The first step is to call me at (310) 740-1969. If I am unavailable at that moment, I will call you back within 24-48 hours. The point of this phone call is to talk briefly about what's coming up for you in life that you'd like to address in therapy. Then we can look at our calendars together and schedule an appointment and/or I will provide you with referrals to other people or services that might be helpful to you.

The most important element in therapy is trust with the therapist. You need to feel comfortable opening up about your life situation. And this is really only something you can determine based on how you feel when you sit face to face with me.

The initial phone call can be a useful opportunity to ask questions about my training, expertise, and areas of specialty. It can also be a chance to gage more superficially your level of ease in conversing with me, but is not a substitute for in-person contact.

Finally, having some idea of what you'd like to work on and what you'd like to see different in your life is always helpful to bring to the table. This will allow me to share my impressions of how we might collaborate to achieve your goals and allow you to make an informed decision about how to proceed.

Every situation, every individual, every family, and every context is different, so there is no one prescribed course of therapy. How much you get out of therapy directly correlates to how much you put into it, and how often or how long you come for before you see a change in your life is different for everyone. My objective is to help you find resources both internally and externally that you can bring to your life outside of the therapy room, allowing you to navigate life's challenges more effectively. I also aim to help you build healthier relationships so that your support network expands well beyond the 4 walls of the therapy room. All that said, I tend to think Carl Rogers said it best: "The good life is a process, not a state of being. It is a direction not a destination."

Therapy works best when it's done weekly or even more often. Especially while we are first building rapport and trust in the therapeutic relationship, I do not recommend planning to come less frequently than once per week to maximize progress toward your goals.

The simple answer is yes. Therapy is a confidential process. Your visits, your personal information, and everything we talk about is private. Unless you make a written request to have any of your records released, no information about you leaves my office.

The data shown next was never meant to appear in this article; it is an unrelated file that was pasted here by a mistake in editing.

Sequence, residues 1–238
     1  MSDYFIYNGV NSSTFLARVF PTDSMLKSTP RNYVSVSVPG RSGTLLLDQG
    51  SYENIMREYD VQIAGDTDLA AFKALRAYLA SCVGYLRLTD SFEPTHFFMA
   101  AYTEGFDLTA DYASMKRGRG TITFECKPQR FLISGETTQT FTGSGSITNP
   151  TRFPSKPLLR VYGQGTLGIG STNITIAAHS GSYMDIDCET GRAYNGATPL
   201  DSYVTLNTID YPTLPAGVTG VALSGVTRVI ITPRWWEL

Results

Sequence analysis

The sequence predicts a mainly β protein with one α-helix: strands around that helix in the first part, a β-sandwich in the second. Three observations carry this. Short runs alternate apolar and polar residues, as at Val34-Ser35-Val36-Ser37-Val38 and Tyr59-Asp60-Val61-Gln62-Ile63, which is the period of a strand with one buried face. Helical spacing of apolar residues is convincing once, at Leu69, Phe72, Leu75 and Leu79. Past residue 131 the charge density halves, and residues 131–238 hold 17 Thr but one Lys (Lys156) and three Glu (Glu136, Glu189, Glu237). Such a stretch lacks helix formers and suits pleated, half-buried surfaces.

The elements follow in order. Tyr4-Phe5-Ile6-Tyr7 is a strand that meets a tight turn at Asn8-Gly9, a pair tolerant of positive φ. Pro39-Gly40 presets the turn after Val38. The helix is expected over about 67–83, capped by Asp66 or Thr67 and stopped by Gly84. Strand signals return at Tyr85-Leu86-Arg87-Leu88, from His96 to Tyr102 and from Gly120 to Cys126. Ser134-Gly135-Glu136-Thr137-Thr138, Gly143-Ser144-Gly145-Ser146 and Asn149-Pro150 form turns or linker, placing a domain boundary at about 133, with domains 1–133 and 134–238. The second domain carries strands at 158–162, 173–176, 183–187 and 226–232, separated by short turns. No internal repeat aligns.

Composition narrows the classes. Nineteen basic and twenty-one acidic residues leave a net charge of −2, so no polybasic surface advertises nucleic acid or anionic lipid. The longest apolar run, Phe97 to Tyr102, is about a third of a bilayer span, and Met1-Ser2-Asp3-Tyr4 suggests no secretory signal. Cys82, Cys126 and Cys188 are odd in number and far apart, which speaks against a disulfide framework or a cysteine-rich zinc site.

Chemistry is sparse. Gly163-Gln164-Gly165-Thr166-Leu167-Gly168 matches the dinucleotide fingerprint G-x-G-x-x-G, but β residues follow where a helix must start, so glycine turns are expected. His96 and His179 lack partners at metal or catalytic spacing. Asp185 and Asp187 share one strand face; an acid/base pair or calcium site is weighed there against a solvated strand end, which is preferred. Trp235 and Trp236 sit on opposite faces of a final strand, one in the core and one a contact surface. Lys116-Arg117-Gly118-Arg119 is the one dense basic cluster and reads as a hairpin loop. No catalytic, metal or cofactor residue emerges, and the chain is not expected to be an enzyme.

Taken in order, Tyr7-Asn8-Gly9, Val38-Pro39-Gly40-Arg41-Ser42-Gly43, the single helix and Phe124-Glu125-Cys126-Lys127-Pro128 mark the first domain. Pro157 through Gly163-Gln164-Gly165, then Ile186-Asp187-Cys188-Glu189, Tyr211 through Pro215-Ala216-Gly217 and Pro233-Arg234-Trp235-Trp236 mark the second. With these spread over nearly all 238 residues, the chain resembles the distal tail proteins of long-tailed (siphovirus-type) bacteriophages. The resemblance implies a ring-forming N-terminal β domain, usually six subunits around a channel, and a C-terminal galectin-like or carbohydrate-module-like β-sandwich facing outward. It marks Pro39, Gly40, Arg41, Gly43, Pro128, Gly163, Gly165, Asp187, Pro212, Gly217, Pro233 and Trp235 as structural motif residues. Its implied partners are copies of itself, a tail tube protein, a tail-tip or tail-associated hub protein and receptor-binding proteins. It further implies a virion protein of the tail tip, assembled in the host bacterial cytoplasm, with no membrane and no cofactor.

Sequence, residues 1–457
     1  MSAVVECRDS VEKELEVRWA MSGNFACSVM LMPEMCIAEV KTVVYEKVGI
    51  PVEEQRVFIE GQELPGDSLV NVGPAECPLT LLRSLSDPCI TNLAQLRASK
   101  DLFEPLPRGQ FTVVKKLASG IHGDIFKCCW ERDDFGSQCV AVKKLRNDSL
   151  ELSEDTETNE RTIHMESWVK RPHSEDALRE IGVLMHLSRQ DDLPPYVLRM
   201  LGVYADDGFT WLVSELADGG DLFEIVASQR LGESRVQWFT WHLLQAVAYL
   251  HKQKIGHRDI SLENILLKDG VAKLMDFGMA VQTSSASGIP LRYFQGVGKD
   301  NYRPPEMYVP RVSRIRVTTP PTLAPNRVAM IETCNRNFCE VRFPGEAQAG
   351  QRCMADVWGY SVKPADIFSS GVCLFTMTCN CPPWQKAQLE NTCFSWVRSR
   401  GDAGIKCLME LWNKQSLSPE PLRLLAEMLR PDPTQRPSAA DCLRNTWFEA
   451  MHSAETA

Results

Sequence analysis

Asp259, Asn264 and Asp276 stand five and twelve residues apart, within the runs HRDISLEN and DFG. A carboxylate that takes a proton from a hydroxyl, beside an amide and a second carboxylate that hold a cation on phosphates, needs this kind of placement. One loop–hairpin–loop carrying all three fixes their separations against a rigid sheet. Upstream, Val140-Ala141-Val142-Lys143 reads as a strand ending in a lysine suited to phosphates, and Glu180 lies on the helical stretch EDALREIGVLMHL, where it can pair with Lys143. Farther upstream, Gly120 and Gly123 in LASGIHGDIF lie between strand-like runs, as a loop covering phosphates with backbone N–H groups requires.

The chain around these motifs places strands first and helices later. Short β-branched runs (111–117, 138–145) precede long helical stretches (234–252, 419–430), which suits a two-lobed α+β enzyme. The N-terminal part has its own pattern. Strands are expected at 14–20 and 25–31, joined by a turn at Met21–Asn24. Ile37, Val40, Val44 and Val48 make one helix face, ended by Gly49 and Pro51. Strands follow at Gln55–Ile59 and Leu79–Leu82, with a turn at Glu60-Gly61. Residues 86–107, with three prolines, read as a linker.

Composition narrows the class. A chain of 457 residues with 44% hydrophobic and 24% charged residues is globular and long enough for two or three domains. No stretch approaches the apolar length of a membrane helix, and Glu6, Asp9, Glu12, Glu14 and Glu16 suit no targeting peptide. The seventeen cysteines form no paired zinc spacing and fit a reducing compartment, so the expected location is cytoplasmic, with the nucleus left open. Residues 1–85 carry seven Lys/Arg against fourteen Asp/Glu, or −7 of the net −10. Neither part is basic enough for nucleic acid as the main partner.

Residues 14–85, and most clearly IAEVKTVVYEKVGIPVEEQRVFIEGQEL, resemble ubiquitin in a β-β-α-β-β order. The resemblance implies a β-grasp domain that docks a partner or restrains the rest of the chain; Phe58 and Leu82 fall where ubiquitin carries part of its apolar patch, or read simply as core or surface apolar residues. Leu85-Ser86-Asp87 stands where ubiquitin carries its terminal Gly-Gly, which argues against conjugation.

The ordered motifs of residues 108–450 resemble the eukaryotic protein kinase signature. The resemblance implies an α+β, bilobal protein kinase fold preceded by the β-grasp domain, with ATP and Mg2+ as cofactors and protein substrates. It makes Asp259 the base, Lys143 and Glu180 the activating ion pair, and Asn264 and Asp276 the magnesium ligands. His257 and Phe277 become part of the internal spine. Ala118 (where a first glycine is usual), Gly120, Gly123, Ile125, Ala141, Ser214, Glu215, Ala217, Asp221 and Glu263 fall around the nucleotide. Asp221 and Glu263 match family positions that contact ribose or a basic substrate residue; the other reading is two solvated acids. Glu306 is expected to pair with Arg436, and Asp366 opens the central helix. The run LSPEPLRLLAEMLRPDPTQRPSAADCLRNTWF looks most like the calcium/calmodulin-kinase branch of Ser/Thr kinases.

All that said, there are legal limitations to confidentiality. These are as follows:

  1. State law requires all mental health providers to report suspected child abuse, elder abuse, or dependent abuse or neglect.
  2. If you make a serious threat to harm another or yourself, I am legally obligated to report it to the authorities and/or warn the intended victim.
  3. In some court proceedings involving child custody and those in which your emotional condition is an important issue, a judge may determine my testimony or your records are required for fair finding.

If you are concerned about confidentiality, please bring it up with me so we can discuss your concerns further.

I do not take insurance but am happy to provide you with a monthly receipt which you can submit to your insurance company in case they provide any out-of-network reimbursement coverage.

For this reason, the assessment process at the beginning is critical. I spend time on the phone initially with my clients to get some sense of their presenting concerns and we use the initial in-person consultation to get to know each other and cover exactly what it is you want to work on.

If we discover that you are wanting to work on something specific that is outside of my scope of treatment, I consider it part of my ethical duty to help connect you with local professionals who can help you. I keep an up-to-date list of quality resources and am happy to provide outside referrals throughout the process